Military Finance Report: Blended Military Retirement System

Monday, January 18, 2016

Blended Military Retirement System

Under the new “blended” retirement system, military members may be able to save more than the current system; however, it requires action on the service member and an exposure to market risk—both concern me.

The current retirement system allows us to retire at 20 years, and is called a defined benefit retirement system.  If we serve less than 20 years, we get nothing.  The value of the current retirement is abstract.  It is calculated at 50% of base pay, with an extra 2.5% a year, up to 75%.  We can also contribute to the Thrift Savings Plan (TSP) up to the maximum contribution limit ($17,500 in 2016).  Check out my blog post here where I explain how much a military retirement is worth.  I compare it to a 30-year bond.  Right now, the interest rates (and inflation) are low, making the current value of a military retirement valuable.  When inflation rises, our retirement loses value, or in economic terms, we are exposed to inflation risk.  The main reason for a change is to escape the “all or nothing” scenario, where a military member honorably serves for 1-19 years and 11 months and gets nothing if he or she gets out. 

I also feel that this change is designed to cost costs since the American public sucks at saving money.  The blended retirement system requires action on us, which after nearly 2 decades of helping people with finances, concerns me a lot.  It also pours money into the stock market through the TSP funds, and what government wouldn’t want more control over the financial system right?


For members entering service after 1 Jan 2018, the blended retirement reduces the defined portion of the retirement to 40% at 20 years.  No government system would be complete without the corrupt misguided option of offering us a lump sum payment.  We have the redux under the current retirement system.  A lump sum payment is a way for the government to save money, by not inflation-adjusting the payment.  You’d have to put that lump-sum payment to serious work to ensure you keep up with inflation.  I still haven’t met someone who took the redux and made that $30K earn more than a traditional retirement.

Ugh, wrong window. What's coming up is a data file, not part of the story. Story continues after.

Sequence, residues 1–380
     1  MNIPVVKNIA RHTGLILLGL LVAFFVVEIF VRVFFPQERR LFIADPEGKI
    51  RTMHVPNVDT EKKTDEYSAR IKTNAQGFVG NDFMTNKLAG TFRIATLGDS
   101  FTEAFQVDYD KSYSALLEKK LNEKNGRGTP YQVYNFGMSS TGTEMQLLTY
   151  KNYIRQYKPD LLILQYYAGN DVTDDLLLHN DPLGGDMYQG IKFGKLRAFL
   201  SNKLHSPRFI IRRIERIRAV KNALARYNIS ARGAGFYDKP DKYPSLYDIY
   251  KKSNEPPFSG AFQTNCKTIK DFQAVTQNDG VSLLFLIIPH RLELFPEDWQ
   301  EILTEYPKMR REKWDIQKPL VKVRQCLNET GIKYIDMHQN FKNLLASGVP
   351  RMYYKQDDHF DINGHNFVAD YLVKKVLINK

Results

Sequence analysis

The Department of Defense (DoD) will put 1% of every military member’s paycheck into the TSP.  We will be auto-enrolled into 3% of our pay, which we’ll have to update annually.  The 4%, the 1% DoD and 3% auto-enroll, will be ours, and we keep that portion if we were to separate before 20 years.  A 4% retirement-savings rate is not ideal but at least it will “force” military members to start saving for retirement.  The best part of the blended system is that we’ll finally get a matching TSP contribution.

I refuse to share any graphic created by the DoD that shows a comparison between the two retirement systems because the DoD assumes an unstainable rate of return from the stock market.  While the stock market generally goes up, a good portion of our retirement is now reliant on the bond and stock market.  Additionally, I’ve spent nearly 2 decades trying to get military members to save more for retirement, and it’s not happening quickly.  For this new blended retirement system to be “better”, we must save more and hope for good market returns.
Should you opt-in?  If you know, with all your heart that you’ll be separating before hitting 20 years then yes.  But remember, like nearly everyone I met still serving after 10 years, I was only supposed to be in for 6 years, and now I’ve been in for 16 years.  The current system is still superior thanks to the 50% plus 2.5% each year (versus 40% and 2% each year) and the TSP contributions.

4 comments:

  1. Please stay us informed like this. Thanks for sharing
    RKN Global

    ReplyDelete
  2. This type of Retirement System is needed.

    Regards,
    Marcin
    http://www.comarch.com/finance/

    ReplyDelete
  3. Thanks for the post. I learned a good amount and agree that mil folks need to save more. I've been in for 8 and am planning on going to 20. Thanks again

    ReplyDelete